Death by Chocolate
Chocolate, completely delicious and impossible to resist… but deadly?
Revealed in historic papers, a Nazi plot to kill Sir Winston Churchill with a bar of exploding chocolate during the Second World War illustrates how seriously a chocoholic’s love can be turned against them. We take a look at some of the best examples in crime novels of food related tragedies!
Lamb to the Slaughter by Roald Dahl
A nice juicy roast leg of lamb sounds perfect as a family favourite on Easter Sunday? Think again – in this devilish short, the frozen leg of lamb proves the ultimate murder weapon. This is a great short story that encapsulates all of Dahl’s wit and dark humour.
Peril at End House by Agatha Christie.
Poirot is on the case of this fiendish murderer. If you can’t order a two pound box of Fuller’s Chocolates without worrying about whether the centres have been mixed with cocaine, then it’s a very poor state of affairs! Agatha Christie was a big fan of poison having worked as a Pharmacy Dispenser using it to do away with over 30 victims in the course of her 66 novels. A Murder is Announced, features the famous Delicious Death Cake in it, which contrary to its name is completely harmless!
The Poisoned Chocolates Case by Anthony Berkeley
Sir Eustace is a cad of the first water, with a specialty in other men’s wives, and the list of people who might want to do him in could fill a London phone book. So who sent him the mysterious box of chocolates with their hidden ingredient. A group of armchair detectives featuring Roger Sheringham get together in their ‘crime circle’ to try and solve his murder.
Speedy Death by Gladys Mitchell
In this, the first novel by the great Gladys to feature amateur sleuth and Psychiatrist Beatrice Adela Lestrange Bradley, it is deemed unwise to be too fond of beverages late at night. If only caffeine was the only harmful element in an evening cup of coffee.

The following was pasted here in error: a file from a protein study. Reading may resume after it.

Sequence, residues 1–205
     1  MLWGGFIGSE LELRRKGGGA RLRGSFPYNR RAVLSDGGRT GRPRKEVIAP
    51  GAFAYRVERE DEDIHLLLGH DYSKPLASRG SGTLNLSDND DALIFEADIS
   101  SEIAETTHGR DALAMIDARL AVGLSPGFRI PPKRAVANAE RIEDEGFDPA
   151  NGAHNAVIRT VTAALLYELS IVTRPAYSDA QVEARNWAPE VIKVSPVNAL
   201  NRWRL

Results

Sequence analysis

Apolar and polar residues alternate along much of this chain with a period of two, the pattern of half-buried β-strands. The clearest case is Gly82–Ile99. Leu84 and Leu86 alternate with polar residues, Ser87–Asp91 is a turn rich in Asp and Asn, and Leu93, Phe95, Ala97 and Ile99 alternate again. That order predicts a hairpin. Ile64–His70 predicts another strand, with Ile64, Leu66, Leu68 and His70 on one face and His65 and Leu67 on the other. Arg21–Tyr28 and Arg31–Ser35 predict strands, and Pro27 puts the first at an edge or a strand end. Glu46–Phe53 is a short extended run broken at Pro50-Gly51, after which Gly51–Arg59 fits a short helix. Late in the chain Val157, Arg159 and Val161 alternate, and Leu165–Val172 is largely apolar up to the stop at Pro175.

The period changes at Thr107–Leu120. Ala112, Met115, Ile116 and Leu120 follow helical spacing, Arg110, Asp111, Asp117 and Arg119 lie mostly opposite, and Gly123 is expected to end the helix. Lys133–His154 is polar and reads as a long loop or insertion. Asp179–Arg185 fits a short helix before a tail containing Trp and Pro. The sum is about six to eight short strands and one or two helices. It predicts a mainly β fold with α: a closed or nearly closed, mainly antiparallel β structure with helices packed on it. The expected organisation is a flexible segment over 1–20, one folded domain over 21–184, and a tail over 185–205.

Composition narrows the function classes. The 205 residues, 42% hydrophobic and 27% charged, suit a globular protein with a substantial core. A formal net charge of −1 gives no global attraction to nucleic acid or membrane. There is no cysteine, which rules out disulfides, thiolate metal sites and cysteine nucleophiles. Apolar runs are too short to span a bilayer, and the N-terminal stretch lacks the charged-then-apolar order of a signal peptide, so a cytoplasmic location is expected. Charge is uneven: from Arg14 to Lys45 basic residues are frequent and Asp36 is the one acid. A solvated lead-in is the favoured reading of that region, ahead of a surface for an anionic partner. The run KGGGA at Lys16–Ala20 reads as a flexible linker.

Strong Poison by Dorothy Sayers
A fine example of why having pots of money isn’t always the best thing to advertise if you want to stay alive. Especially if you’ve made a will and have greedy relatives. In this outing, Lord Peter Wimsey must save Harriet Venn from the hangman’s noose after she’s been accused of slowly poisoning her former lover to death with arsenic. But if Harriet didn’t do it, who did?
A Shroud for a Nightingale by PD James
Just goes to show that not even hard liquor is safe in this whodunit from PD James. Set in a nursing home, Inspector Dalgleish is called in to investigate the mysterious deaths of two student nurses. Whisky is sadly the vehicle for this killer’s dastardly aims.
The Sweetness at the Bottom of the Pie by Alan Bradley
Thrown in here because Alan Bradley’s junior amateur sleuth Flavia de Luce is a brilliant chemist with a specialty in poisons. Not exactly a food stuff but this book gets an honourable mention for Flavia’s use of poison ivy inside her sister’s lipstick causing her face to swell up. If you’ve had irritating siblings you will fully appreciate the genius of this move!
So there you have it, these books may put you off your lunch but we’re sure the sirens song of chocolate can’t be put off for long…!
If you like a little less death with your chocolate why not head on over to the Happy Foodie and check out their fondant filled Easter Egg recipe!